There wasn't much of a mystery yesterday about how a retired police officer and his mother died. The question was why nobody missed them for more than a year.
Water Department workers, responding to a report of a leak, broke into the ivy-covered brick home on Bustleton Avenue at Larkspur Street, Somerton, after their knocks went unanswered, police said.
Inside, they found a ghastly scene of an apparent murder-suicide. The stench of dirty water that had soaked through the floor had mixed with the odor of death in the house.
A rotted body reportedly sat in a bedroom chair, a five-shot pistol nearby. Another body lay in the bed, police said.
The windows were shut and all the doors were locked, said police.
"They were completely decomposed skeletal remains," Chief Inspector Scott Small told reporters yesterday.
Police said they wouldn't identify the bodies until the Medical Examiner's Office releases the cause of death. There were no next of kin to notify.
Neighbors said, and real estate records show, that John Connor, who would have been 56, and his elderly mother, Assunta Connor, who would have been 84, had lived in the home since the 1980s.
A police source said Connor retired from the force in 1996. He had been assigned to the 8th District at Academy and Red Lion roads.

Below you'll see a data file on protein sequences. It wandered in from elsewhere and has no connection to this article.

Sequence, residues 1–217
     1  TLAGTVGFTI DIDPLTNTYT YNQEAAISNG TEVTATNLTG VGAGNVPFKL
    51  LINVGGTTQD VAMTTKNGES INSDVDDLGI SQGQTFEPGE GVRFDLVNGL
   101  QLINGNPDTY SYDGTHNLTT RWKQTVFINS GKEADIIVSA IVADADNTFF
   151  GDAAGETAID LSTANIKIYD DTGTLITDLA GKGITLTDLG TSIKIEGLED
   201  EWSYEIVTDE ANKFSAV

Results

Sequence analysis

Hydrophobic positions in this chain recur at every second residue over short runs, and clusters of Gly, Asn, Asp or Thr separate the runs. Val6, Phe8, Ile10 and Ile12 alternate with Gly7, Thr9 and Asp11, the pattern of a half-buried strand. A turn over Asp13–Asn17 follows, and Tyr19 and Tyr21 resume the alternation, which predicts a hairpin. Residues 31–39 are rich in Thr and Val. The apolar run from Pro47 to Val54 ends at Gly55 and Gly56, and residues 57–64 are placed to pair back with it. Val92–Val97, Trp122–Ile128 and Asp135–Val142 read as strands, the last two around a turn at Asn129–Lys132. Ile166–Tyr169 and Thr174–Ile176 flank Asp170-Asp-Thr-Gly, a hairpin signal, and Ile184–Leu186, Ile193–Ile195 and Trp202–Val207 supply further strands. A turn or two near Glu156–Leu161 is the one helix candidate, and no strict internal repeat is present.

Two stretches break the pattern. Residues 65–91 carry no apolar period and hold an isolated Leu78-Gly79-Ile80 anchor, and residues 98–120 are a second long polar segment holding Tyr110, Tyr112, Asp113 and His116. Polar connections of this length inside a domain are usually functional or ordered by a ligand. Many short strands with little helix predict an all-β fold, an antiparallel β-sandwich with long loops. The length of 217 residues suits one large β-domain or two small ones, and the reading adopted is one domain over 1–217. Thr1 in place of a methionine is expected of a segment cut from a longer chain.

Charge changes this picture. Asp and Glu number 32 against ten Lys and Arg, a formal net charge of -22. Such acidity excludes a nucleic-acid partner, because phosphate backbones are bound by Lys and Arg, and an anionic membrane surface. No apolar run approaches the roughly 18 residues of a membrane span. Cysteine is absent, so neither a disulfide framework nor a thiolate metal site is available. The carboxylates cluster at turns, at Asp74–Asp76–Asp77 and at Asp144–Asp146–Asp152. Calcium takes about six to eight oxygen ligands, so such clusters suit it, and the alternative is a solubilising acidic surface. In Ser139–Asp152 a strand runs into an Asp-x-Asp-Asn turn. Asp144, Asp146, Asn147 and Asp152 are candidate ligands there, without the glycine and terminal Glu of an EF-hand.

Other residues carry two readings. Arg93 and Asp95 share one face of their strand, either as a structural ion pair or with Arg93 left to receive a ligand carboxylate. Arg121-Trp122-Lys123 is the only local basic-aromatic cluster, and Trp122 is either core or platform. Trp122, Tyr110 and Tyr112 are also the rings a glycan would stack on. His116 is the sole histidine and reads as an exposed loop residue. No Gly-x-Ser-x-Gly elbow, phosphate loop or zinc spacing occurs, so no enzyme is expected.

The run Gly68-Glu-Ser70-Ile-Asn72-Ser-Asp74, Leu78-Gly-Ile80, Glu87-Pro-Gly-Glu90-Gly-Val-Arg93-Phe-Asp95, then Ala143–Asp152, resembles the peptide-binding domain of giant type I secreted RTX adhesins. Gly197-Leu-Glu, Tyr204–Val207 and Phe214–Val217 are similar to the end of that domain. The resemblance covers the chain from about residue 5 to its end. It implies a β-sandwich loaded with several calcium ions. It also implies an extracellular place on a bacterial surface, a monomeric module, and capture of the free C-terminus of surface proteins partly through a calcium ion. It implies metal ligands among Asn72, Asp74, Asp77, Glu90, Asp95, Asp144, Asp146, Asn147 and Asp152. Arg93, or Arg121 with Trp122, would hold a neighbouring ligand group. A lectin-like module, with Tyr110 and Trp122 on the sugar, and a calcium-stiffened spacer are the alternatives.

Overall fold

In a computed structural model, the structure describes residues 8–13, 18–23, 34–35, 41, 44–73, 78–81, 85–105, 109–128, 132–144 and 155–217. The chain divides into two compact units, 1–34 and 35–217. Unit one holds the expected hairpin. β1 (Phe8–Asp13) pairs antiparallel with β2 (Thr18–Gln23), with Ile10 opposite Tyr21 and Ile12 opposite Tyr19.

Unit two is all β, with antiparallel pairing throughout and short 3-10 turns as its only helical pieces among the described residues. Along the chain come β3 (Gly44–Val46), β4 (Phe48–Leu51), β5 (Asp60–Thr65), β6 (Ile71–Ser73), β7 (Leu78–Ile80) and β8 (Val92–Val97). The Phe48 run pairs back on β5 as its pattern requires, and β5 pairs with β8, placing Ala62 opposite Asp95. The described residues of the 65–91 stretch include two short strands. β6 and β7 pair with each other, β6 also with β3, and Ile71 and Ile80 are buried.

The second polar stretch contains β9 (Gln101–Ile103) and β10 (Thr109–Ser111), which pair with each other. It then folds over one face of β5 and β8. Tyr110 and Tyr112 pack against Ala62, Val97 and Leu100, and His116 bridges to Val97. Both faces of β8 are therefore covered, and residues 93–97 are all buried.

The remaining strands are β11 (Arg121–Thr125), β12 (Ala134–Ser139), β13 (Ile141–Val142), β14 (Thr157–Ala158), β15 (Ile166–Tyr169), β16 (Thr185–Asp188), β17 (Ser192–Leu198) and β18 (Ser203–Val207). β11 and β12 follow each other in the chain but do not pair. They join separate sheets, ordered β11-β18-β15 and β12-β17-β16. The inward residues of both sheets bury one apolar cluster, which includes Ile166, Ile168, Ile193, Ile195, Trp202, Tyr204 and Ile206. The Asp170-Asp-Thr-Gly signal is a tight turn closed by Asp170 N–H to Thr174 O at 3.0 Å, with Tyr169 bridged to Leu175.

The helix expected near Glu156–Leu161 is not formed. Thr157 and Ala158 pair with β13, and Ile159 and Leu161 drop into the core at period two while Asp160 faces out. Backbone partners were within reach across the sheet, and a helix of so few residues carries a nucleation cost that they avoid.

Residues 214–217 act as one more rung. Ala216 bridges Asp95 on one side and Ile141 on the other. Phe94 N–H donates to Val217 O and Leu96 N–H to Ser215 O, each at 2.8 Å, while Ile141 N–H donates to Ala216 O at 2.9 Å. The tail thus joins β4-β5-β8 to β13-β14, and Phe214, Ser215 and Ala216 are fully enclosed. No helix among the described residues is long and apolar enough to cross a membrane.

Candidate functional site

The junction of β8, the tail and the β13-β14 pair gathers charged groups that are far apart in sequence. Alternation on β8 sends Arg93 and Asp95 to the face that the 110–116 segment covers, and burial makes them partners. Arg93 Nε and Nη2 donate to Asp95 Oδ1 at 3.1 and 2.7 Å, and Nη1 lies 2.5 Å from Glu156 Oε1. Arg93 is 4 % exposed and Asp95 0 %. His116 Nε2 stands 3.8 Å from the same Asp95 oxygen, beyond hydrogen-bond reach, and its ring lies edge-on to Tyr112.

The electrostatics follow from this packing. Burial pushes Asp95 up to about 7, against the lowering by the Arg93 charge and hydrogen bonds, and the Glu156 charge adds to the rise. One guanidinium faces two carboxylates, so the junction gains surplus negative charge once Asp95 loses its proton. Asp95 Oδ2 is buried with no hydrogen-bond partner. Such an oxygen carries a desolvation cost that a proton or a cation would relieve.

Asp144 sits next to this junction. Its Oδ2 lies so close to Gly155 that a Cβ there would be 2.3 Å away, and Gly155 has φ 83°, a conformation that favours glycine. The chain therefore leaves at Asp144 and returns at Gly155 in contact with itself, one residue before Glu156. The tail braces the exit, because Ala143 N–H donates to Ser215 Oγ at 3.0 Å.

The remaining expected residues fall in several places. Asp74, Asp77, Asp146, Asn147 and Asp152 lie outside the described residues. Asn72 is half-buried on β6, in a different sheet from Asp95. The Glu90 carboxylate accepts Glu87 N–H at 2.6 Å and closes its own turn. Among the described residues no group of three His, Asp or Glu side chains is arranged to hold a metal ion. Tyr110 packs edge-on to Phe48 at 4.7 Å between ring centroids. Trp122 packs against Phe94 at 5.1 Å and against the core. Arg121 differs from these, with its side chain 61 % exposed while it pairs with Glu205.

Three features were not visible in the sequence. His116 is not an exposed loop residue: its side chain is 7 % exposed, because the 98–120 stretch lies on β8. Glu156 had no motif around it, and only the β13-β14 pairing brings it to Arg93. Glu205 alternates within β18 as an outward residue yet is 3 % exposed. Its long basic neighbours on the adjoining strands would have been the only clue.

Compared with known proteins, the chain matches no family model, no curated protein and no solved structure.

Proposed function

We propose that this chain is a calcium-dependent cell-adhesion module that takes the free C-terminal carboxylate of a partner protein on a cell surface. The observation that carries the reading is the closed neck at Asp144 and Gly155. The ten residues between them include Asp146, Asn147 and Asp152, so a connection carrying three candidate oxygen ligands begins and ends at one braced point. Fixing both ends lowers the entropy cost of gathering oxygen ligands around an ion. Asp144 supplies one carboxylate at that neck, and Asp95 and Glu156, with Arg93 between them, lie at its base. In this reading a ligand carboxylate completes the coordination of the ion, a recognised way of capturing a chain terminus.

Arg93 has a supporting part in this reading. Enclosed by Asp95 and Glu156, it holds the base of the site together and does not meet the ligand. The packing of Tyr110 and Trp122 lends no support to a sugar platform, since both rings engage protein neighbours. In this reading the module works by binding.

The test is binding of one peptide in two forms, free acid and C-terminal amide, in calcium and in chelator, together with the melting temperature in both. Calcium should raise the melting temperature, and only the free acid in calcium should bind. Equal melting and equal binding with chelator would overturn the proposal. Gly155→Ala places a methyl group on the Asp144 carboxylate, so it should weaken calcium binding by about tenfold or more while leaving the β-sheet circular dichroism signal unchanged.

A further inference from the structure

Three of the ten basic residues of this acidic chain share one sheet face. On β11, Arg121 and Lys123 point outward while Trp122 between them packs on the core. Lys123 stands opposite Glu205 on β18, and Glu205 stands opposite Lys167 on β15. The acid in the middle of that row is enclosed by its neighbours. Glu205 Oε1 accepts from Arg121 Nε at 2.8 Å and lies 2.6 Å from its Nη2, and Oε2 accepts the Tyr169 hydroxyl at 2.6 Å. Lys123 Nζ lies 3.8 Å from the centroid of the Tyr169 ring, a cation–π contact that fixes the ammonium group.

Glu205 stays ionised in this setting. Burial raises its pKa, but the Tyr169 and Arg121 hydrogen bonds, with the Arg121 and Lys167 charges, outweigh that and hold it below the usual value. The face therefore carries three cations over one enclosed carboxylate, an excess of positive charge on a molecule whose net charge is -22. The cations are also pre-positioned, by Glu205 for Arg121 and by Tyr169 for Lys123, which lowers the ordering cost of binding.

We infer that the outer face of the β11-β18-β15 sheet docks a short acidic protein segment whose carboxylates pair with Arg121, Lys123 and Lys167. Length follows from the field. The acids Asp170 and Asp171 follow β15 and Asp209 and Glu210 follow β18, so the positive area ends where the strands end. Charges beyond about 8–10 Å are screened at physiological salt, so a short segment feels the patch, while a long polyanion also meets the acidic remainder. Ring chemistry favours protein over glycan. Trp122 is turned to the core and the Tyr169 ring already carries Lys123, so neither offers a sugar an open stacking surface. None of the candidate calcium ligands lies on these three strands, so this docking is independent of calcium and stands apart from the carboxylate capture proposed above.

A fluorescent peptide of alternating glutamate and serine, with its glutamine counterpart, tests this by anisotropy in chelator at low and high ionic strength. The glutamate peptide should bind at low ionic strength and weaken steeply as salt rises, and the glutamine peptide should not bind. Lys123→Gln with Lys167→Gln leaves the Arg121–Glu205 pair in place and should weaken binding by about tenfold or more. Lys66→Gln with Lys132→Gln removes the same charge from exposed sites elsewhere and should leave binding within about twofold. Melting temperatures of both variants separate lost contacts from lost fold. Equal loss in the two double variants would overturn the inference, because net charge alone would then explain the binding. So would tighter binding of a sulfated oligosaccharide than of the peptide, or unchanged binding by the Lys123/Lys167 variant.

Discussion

Investigators found a suicide note in the home, police said. The note reportedly said that Connor could no longer cope with his mother's advanced Alzheimer's.
"It's a little spooky," said neighbor Ken Mannino, 45. "It's a shame that nobody was able to help them and maybe get her into a nursing home."
Connor rarely talked to the neighbors, and once sent Mannino a nasty note after Mannino parked too close to his green Pontiac Grand Prix, Mannino said.
Mannino said the Pontiac hadn't been moved in a year, which was about the last time he saw Connor, at Home Depot.
While the mother and son were always "pretty reclusive," Mannino said, their lawn was always well-groomed. But about a year ago, the bushes started to grow out of control.
Someone called the city to clear out the Connor yard, which became the blight of the block, Mannino said.
Mayoral spokesman Ted Qualli said the city's Community Life Improvement Program came out twice in the past year to trim the Connors' yard.
The city mailed the Connors their first violation on May 16, 2006, Qualli said, but didn't get a response.
A crew visited the home two weeks later and fixed up the plants.
The city sent out complaint No. 2 on Aug. 16 and worked on the yard again a month later. The Connors were responsible for paying the city back for the yard work, Qualli said, but obviously never did.
Overgrown bushes yesterday lined the Connors' lawn, acting as a hedge blocking the property from the sidewalk.
For three years, Julie Feldman, 50, has lived across from the Connors, but never met her neighbors. "I never seen anyone enter or leave the house," she said. *